Chronic pain is often referred to as the “invisible illness,” and though it may not be readily apparent, its impact on physical and mental well-being is significant. The condition can render some individuals bedridden and diminish their ability to engage in previously enjoyed activities. Moreover, it can leave them searching for answers regarding the cause of their persistent pain.
However, those struggling with chronic pain need not feel alone, as about one in four Canadians over the age of 15 also experience this condition. Technically, chronic pain is characterized as any pain that endures beyond three months. While physical therapy, surgery, rehabilitation, and medication can aid in reducing pain, psychological treatment can also serve as a crucial component in pain management.
So, how can a psychologist or therapist help with chronic pain? What should you know? Below, we take a look at the role that psychology can play in the chronic pain cycle and how a therapist or psychologist can help you overcome it.
Is Chronic Pain a Psychological Condition?
Research shows how chronic pain actually creates structural and functional changes in the brain. In particular, individuals with chronic pain have reduced grey matter in the hippocampus and amygdala areas of the brain, leading to emotional and cognitive changes. Interestingly, these brain regions and pathways are also involved in a variety of mood disorders.
When pain develops into a chronic condition, many individuals develop negative emotional states, anger issues, depression, anxiety, sleep issues, and suicidal thoughts. By incorporating a holistic approach to pain management and reduction, a person with chronic pain can tackle these issues from all angles. Overall, a psychologist or therapist can help you address the psychological (or “thinking”) side of chronic pain, potentially helping reduce it (more on this below).
How a Psychologist or Therapist Can Help
Alongside other therapies and treatments, various research suggests psychologists and therapists can play a significant role in helping individuals manage and eliminate chronic pain.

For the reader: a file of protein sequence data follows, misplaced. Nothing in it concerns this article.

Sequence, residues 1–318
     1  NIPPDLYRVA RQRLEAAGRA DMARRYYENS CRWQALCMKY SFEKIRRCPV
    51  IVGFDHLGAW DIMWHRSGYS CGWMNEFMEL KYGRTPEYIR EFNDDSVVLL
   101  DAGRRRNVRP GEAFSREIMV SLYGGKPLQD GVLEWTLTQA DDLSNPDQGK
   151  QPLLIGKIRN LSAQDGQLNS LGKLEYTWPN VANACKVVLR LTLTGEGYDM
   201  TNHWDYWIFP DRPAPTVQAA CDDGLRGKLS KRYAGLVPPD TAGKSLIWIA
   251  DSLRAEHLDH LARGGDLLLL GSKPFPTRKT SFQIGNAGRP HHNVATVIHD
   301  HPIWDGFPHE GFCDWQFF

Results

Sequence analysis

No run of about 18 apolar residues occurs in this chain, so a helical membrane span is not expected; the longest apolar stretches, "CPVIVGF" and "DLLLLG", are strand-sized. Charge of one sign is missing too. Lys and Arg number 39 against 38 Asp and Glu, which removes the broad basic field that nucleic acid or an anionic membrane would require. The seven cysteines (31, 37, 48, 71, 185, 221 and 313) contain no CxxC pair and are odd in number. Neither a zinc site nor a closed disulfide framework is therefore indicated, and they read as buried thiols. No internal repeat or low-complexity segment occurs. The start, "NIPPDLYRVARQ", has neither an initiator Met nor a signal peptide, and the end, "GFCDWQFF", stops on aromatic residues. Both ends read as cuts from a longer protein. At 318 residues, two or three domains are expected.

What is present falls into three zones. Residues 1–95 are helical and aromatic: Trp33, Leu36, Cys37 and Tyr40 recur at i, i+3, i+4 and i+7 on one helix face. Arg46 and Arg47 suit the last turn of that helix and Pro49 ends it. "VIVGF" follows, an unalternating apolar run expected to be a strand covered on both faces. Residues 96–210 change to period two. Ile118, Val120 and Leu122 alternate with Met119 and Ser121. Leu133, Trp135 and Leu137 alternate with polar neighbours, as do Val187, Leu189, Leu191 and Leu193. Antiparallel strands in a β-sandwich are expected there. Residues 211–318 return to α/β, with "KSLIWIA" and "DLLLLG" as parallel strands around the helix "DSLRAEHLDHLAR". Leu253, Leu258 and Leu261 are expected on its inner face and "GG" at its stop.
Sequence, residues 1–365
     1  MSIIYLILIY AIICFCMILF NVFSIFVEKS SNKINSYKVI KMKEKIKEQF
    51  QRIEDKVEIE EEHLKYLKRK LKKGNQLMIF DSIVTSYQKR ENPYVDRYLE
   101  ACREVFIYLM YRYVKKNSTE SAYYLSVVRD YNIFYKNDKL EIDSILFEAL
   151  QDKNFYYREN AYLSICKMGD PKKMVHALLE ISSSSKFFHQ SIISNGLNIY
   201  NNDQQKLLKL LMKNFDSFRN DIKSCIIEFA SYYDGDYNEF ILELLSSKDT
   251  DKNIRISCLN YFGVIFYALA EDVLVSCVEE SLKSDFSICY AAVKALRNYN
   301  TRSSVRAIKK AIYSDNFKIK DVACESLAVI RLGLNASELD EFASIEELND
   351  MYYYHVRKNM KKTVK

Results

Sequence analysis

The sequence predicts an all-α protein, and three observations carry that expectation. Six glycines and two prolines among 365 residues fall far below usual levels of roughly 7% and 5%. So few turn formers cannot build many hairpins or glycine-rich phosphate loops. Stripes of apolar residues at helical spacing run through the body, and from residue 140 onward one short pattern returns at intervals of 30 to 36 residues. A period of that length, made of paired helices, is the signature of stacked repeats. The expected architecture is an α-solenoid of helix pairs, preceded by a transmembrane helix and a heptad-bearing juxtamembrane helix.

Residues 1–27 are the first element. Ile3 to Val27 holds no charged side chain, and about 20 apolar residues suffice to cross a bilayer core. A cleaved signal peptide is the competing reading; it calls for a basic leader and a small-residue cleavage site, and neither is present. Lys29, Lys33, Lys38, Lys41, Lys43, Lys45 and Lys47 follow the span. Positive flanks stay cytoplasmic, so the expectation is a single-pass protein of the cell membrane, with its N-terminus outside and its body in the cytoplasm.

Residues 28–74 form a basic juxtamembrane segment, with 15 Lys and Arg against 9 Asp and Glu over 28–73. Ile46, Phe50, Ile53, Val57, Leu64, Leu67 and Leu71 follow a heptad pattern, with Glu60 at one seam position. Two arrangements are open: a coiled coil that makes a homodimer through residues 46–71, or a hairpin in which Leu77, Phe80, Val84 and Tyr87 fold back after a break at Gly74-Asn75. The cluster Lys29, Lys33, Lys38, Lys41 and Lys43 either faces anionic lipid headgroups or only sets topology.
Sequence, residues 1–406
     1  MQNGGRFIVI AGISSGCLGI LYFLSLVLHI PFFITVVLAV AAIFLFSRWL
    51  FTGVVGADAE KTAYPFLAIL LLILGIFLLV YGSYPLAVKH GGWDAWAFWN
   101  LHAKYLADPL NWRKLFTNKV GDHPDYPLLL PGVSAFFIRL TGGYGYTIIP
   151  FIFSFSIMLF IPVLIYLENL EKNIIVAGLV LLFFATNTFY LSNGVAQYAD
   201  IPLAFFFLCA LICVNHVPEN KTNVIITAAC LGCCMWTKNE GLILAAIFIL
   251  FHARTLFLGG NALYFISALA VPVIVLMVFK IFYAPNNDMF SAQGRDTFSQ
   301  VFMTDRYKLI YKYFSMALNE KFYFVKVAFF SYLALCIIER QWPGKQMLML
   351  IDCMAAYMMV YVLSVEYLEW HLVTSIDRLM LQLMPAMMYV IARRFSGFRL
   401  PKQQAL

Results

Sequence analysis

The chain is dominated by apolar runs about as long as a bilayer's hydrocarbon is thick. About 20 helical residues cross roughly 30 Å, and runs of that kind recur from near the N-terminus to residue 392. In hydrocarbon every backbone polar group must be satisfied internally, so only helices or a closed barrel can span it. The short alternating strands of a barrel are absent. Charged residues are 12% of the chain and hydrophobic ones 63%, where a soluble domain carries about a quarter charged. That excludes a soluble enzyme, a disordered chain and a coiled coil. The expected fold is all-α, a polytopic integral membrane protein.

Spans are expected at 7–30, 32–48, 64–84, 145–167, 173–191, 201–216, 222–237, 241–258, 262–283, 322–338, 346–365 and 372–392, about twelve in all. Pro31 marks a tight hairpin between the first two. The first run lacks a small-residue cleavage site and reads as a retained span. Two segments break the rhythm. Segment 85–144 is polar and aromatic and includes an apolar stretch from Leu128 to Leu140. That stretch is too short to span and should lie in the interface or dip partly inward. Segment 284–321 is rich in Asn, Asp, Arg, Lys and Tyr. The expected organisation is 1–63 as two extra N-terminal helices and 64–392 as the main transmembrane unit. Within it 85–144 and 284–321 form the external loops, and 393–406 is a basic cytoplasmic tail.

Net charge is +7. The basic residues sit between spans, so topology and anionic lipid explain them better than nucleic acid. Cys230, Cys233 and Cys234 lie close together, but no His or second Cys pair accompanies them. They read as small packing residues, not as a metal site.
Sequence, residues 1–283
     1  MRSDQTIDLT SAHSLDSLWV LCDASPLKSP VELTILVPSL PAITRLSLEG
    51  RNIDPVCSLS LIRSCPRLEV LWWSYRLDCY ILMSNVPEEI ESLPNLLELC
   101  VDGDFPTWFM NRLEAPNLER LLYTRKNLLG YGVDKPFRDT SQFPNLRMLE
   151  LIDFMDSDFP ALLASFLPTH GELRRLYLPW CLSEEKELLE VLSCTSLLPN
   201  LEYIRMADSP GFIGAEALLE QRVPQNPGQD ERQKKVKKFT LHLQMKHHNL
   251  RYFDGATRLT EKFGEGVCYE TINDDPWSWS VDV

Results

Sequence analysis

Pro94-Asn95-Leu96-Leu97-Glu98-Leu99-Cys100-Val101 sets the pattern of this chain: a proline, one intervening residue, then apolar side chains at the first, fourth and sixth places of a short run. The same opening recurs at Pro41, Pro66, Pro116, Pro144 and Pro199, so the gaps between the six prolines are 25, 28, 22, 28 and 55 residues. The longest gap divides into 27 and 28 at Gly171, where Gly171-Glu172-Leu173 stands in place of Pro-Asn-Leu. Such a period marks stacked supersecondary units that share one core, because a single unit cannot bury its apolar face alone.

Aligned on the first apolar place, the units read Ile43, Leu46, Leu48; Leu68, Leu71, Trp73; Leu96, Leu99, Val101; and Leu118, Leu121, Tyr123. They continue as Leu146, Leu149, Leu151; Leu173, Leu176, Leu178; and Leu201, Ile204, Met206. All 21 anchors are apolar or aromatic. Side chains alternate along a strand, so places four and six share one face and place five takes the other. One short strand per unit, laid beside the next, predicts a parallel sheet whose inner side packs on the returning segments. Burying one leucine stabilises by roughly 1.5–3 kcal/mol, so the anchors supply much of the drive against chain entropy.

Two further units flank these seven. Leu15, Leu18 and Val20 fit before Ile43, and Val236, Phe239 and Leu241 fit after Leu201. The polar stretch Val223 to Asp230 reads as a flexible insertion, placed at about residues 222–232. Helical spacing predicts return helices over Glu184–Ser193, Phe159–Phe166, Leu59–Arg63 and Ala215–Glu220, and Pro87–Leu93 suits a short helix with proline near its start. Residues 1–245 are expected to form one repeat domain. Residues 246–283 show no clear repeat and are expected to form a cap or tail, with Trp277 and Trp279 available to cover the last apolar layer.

For instance, a 2014 review indicated that Cognitive Behavioural Therapy (CBT) may improve anxiety, depression, and disability associated with chronic pain. It’s further thought that psychological approaches may help reduce the intensity of the pain by helping an individual manage their thoughts, emotions, and behaviours in relation to their pain.
Psychologists and therapists may help prevent acute pain from becoming chronic and persistent pain by addressing psychological factors, such as fear avoidance and catastrophizing. This may reduce healthcare costs for not just society but also for the individual. In addition, this process can lead to an improved quality of life where pain doesn’t hold you back from doing what you love!
What Psychological Intervention is Best for Chronic Pain?
Various psychological interventions have been shown to be effective for chronic pain, including Cognitive Behavioural Therapy (CBT), Acceptance and Commitment Therapy (ACT), Mindfulness-Based Stress Reduction (MBSR), biofeedback, Graded Motor Imagery (GMI), and even hypnosis. Many of these approaches focus on changing your thoughts, feelings, and behaviours regarding your pain.
A psychologist or therapist can further provide social support, education regarding coping strategies, and strategies for goal setting. They can also help address underlying psychological issues associated with your pain and/or related substance use and sleep issues.
Yet, finding what works best for you is very individualized. For each individual, it’s about determining the combination of treatments, including what psychological approach may help reduce or manage pain effectively and efficiently. Exploring the above options can help direct you toward what may work best for you.
Other Tips for Dealing With Chronic Pain
For coping with chronic pain, other tips that may help and can be applied to your daily life include:
Incorporating relaxation techniques. These include practices such as meditation, deep breathing, and visualization. Research shows these methods are very effective at managing chronic pain when used regularly and consistently.
Regularly performing physical activity. This may feel like the last thing you want to do. But it’s important to avoid letting the fear of pain control your life. Movement may also help ease some pain and improve mood. A psychologist can further help you identify and remove barriers to exercise, helping you take this step.
Connecting with your social network. Research shows how social support can improve adherence to treatment, as well as improve your resilience to depression and anxiety.
Distracting yourself from discomfort. When a flare-up occurs, try distracting yourself from it. Call a friend, watch a movie, or read a book. Diverting your thoughts away from the pain can be a very effective coping mechanism.
Staying hopeful. While this is easier said than done, working with a psychologist or therapist can help you maintain optimism regarding your condition and help you think about it in a different way.
Curious about working with a psychologist or therapist to reduce or overcome your pain? At Bhatia Psychology Group, our team is here for you. We’ll tailor treatment specifically to your needs, goals, and preferences. Together, we can help you move forward into a pain-free future. Contact us today for more information.